A s Gerd Wiesler, a masterful interrogator in the East German secret police (the “Stasi”) and the fulcrum of the fraught melodrama The Lives of Others, Ulrich Mühe gives a marvelously self-contained performance. There isn’t an ounce of fat on his body, or in his acting: He has pared himself down to a pair of eyes that prowl the faces of his character’s countrymen for signs of arrogance—i.e., of independent thinking. But if Wiesler has shed all traces of nonessential humanity, he has just enough empathy to burrow into his prisoners’ heads and reduce them, over time, to cringing wrecks. Belief in the mission of the German Democratic Republic—and the resourcefulness of its enemies—keeps him patient and centered in his labors. It hardly seems to matter that his most intimate exchanges are with the people whose lives he destroys. Until now.
The first film by Florian Henckel von Donnersmarck, The Lives of Others is a cunning piece of construction—a Kafkaesque tearjerker, a tragic farce. Set in the mid-eighties, before Gorby and glasnost, the movie centers on Wiesler’s surveillance of a pair of national celebrities, the playwright Georg Dreyman (Sebastian Koch)—the only “nonsubversive [GDR] writer still read in the West,” we’re told—and his actress girlfriend, Christa-Maria Sieland (Martina Gedeck). It’s Wiesler who proposes that surveillance—he doesn’t like Dreyman’s haughty expression at the opening of his latest play. But when this loyal Stasi officer discovers that the operation was fast-tracked because the odious minister of Culture (Thomas Thieme) wants sole possession of the comely Christa-Maria, his moral compass begins to wander. As he eavesdrops in the dark attic above the couple’s apartment, he’s slowly drawn out of himself and into the lives of others.
Movies can appeal to our best and worst instincts—it’s when they appeal to both at once that they get really interesting. We fear for the freedom of the vulnerable couple, yet on some level it’s a kick to spy on them along with Wiesler—to listen in on mundane conversations in a culture in which there’s no sphere of privacy, and to think, What stray complaint can be used as proof of disloyalty? There are so many from which to choose! We root for Wiesler’s conscience to thaw, yet the movie’s cruelest irony is that whenever he manages to do something decent, it always rebounds on the people he seeks to protect. In a system that perverts the most ordinary interactions, few good deeds go unpunished.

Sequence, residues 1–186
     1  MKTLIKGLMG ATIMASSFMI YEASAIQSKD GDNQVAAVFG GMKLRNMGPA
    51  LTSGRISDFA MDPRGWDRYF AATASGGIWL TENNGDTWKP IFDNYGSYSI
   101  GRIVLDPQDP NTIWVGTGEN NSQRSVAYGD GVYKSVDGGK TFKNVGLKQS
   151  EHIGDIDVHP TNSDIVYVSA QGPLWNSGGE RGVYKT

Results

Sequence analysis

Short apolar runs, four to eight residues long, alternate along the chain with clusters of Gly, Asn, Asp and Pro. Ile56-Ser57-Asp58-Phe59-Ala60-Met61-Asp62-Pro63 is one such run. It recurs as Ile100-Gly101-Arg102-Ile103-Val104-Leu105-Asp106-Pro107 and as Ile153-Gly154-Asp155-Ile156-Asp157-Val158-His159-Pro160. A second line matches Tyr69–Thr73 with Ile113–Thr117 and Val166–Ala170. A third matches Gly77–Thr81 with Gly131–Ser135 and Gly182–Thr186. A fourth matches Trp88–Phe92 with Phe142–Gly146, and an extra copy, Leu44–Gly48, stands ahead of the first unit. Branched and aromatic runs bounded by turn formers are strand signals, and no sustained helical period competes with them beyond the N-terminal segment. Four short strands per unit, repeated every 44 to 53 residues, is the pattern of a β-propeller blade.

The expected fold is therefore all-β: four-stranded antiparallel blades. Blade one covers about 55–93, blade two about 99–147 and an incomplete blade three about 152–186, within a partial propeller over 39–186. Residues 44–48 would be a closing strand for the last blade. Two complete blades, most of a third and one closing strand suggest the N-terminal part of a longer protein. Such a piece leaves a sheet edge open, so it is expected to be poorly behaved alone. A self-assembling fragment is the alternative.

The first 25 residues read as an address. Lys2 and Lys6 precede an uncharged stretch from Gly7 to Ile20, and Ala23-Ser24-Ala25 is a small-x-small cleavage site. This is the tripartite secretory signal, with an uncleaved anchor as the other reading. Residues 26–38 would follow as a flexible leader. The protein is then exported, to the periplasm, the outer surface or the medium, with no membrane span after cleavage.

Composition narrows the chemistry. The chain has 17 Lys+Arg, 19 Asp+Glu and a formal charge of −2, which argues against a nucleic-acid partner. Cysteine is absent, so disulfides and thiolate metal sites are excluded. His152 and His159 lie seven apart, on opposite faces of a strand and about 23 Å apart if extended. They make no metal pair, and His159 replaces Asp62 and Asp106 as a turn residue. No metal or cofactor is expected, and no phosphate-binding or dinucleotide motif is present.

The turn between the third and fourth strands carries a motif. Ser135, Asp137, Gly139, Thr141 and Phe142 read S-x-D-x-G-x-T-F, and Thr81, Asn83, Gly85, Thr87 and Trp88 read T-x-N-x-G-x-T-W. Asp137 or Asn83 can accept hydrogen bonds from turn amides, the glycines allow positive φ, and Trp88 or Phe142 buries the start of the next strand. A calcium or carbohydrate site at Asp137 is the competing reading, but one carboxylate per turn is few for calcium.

Christa-Maria is dealt the worst hand: Her stage career could end abruptly if she doesn’t put out for the cultural commissar. Gedeck, the winsome star of Mostly Martha, takes the actress’s indecisiveness to operatic heights—but does her defiler have to be this repulsive? When she allows him to paw her in a limo, the scene is like something out of a Victorian melodrama. (The director could have suggested that power has its attractions: How else to account for all the women that Henry Kissinger got?)
T he longish denouement of The Lives of Others takes place years after the main action and is clearly designed to soften the blow. It’s corny and contrived, but we seize on it with relief—as we seize on the Mahleresque romanticism of Gabriel Yared’s score. A harsher landing is provided by the documentary The Decomposition of the Soul, which plays from February 7 to 13 at Film Forum. Directed by Nina Toussaint and Massimo Iannetta, it’s a hushed, poetic meditation on the life of Stasi prisoners in which two former inmates, Hartmut Richter and Sigrid Paul, traipse in and out of empty cells and interrogation rooms in the Berlin-Hohenschonhausen, which operated from 1951 until the Berlin Wall fell in 1989. As they softly relay their stories—of sleep and sensory deprivation, of the interrogators’ sadistic tricks, of the dangling of false hope, the camera fastens on stools, desks, and other ordinary objects. We fix on them the way the prisoners must have, grasping for solidity in a fast-dissolving world.